Unlike many other industries, industrial sectors including natural resources, water, energy, oil and gas and agriculture can have a profound impact on the environment and society. It’s likely no one will forget the 2010 explosion aboard the Deepwater Horizon drilling rig that killed 11 workers and dumped 4.9 million barrels of oil into the Gulf of Mexico. Equally tragic but underreported, the 2015 Aliso Canyon gas leak at Porter Ranch in Southern California is considered the worst single natural gas leak in U.S. history in terms of its environmental impact. The result of a corroded infrastructure, the leak took 112 days to plug, but by that time 97,100 metric tons of the potent greenhouse gas methane had been unleashed into the atmosphere. A 2019 conclusive report from the California Public Utilities Commission found that Southern California Gas Co. failed to monitor and adequately assess its aging wells for disaster potential and investigate previous well failures at the Aliso Canyon storage field. Best summed up by Thomas Ryerson, a National Oceanic and Atmospheric Administration chemist who was part of a team estimating the damage, “One little thing going wrong has just rolled back years of emissions reduction efforts by the state of California.”

Shattering the era of closed architecture concepts

According to MarketsandMarkets, the global industrial sensors market, estimated at $16 billion in 2018, is expected to reach $21.6 billion by 2023, with the high cost of implementation a significant factor limiting growth. But while many businesses are finding it difficult to take that leap forward and embrace industrial IoT and artificial intelligence (AI), many who have risked the transition are realizing tremendous benefits, recognizing that predictive analytics from remote monitoring systems, in particular, has the potential to dramatically transform hazardous environments not only to protect workers but also the communities where they operate. With a standards-based approach for collecting, storing, organizing and structuring data on a single platform, organizations are overcoming the fragmentation suppressing IIoT adoption and making collaboration less costly and challenging at the same time. Below are just a few of many examples illustrating real-world benefits of adopting a unified approach for an industrial IoT solution:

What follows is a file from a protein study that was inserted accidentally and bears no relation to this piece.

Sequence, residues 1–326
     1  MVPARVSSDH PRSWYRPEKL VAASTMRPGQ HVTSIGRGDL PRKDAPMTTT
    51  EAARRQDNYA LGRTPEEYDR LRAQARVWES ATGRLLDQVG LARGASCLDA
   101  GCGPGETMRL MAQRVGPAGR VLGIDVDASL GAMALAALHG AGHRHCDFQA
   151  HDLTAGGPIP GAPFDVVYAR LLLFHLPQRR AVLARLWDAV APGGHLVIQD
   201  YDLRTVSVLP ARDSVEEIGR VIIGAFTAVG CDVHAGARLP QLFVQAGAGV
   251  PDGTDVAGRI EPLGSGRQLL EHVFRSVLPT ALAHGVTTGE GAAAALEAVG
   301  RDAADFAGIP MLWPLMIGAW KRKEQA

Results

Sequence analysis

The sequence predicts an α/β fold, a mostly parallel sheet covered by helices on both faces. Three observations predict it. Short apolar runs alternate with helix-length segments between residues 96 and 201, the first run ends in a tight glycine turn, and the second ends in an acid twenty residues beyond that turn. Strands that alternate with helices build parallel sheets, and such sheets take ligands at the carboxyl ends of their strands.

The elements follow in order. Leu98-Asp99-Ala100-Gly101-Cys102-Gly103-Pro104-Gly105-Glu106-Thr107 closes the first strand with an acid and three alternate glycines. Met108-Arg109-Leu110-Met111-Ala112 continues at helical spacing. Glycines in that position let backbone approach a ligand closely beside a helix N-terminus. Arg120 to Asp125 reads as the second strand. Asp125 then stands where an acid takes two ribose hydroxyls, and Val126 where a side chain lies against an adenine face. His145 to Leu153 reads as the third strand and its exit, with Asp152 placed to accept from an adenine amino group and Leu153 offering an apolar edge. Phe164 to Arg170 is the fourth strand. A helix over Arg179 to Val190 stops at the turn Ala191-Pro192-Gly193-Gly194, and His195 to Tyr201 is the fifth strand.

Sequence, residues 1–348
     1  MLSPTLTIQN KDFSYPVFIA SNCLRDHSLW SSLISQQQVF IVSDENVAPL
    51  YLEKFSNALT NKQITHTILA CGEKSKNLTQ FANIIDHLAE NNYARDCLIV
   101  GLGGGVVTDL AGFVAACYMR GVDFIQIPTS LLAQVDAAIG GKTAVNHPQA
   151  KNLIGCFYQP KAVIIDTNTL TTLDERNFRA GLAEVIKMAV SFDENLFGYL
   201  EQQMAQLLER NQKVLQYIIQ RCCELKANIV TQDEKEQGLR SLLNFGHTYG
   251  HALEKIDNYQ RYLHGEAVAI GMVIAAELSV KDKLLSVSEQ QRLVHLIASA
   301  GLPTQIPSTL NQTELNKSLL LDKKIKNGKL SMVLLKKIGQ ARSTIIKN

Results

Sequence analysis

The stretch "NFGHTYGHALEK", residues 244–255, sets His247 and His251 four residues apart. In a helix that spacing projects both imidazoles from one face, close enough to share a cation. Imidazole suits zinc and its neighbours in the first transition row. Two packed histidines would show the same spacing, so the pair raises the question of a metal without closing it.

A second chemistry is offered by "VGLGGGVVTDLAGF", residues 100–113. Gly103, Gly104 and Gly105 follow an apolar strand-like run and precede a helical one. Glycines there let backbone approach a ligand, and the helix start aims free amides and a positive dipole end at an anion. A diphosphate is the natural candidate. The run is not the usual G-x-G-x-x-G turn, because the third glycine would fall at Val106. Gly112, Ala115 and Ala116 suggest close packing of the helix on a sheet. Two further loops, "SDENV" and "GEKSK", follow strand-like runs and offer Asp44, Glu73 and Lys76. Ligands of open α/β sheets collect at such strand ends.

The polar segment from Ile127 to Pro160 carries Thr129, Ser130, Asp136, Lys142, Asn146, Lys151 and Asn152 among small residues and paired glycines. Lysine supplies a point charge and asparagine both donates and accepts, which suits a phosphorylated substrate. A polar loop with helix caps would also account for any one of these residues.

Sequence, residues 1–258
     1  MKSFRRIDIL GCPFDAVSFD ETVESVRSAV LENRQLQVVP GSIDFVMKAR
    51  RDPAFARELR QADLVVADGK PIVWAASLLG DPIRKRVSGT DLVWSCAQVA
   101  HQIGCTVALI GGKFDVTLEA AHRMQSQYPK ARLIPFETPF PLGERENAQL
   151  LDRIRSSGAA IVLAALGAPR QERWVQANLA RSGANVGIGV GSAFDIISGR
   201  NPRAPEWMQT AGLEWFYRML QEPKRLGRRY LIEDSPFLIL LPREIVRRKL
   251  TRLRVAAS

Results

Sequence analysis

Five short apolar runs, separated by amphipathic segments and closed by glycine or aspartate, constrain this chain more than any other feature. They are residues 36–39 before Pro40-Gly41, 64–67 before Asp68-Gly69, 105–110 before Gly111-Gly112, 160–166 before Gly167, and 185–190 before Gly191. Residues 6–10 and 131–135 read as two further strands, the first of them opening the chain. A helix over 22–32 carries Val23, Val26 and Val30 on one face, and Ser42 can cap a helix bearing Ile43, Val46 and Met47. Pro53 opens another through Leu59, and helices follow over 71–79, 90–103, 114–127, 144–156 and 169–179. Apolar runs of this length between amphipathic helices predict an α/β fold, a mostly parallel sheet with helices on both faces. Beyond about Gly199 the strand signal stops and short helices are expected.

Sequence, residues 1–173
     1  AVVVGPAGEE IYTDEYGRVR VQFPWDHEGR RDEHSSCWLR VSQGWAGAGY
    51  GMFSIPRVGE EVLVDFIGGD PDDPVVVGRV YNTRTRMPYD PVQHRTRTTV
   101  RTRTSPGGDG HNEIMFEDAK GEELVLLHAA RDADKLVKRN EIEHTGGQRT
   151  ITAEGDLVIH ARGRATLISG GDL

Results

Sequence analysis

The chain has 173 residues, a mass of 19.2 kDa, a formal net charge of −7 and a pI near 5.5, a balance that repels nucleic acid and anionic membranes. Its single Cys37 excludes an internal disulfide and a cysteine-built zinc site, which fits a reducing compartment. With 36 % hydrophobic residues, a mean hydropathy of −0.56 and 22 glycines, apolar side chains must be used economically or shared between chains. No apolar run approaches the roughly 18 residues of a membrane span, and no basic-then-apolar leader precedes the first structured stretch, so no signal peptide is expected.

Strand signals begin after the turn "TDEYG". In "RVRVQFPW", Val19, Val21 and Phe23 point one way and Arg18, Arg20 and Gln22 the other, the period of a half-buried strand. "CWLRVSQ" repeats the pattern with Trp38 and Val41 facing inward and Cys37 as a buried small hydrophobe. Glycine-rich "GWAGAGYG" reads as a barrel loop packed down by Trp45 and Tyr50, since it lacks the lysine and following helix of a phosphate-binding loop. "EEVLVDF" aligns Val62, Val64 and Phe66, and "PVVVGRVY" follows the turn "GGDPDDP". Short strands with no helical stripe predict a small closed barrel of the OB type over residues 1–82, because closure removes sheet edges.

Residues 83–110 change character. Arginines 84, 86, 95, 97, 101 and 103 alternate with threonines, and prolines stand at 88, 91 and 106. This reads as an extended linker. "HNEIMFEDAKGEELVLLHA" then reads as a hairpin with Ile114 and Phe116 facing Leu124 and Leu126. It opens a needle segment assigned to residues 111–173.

·       Tailings Dams ROI – The largest tailings storage facility in North America improved operating costs with a solution that took just five days to implement, saved $218,000 on upfront engineering time and increased data availability to real-time, providing a current annual cost reduction of $143,000.

·       Environmental ROI – A 108-square-mile mining project improved its economics by implementing an end-to-end solution within 21 days that reduced the overall cost of the project by 78 percent and translated into a $698,000 savings on an $180,000 investment.

·       Groundwater Management ROI – One of the world’s largest metals and mining companies realized more than $300,000 in annual cost savings associated with its dewatering program for one deployment. In addition to dramatically improving data accuracy, it reduced energy usage and increased equipment reliability resulting in savings in excess of $1,000,000.

Demystifying technology is critical in closing the technology gap. That’s why new industrial IoT platforms that can amalgamate all the moving pieces and seamlessly integrate with existing systems and IT architecture are serving as the equalizing force. With proven workflows and development tools, all stakeholders are empowered—from the pit to the boardroom. Imagine the different outcomes had workers been equipped with predictive data that alerted them to an eminent dam or bridge collapse, an oil tanker explosion, slope failure or machine entanglement—all real-life tragedies that could have been avoided or mitigated.

No doubt the Carnegie Mellon grad student enjoyed dazzling fellow students with his precognitive ability to determine just how many bottles were remaining in the campus Coke machine but likely didn’t consider the widespread implications of such a “sixth sense” technology. Thanks to the determination of entrepreneurs continually pushing boundaries, every incremental step along the way is contributing to a safer future, where humans and machines working in tandem can provide the kind of insights that continue to drive innovation and improve civilizations.

Matt Meehan is the CEO of sensemetrics.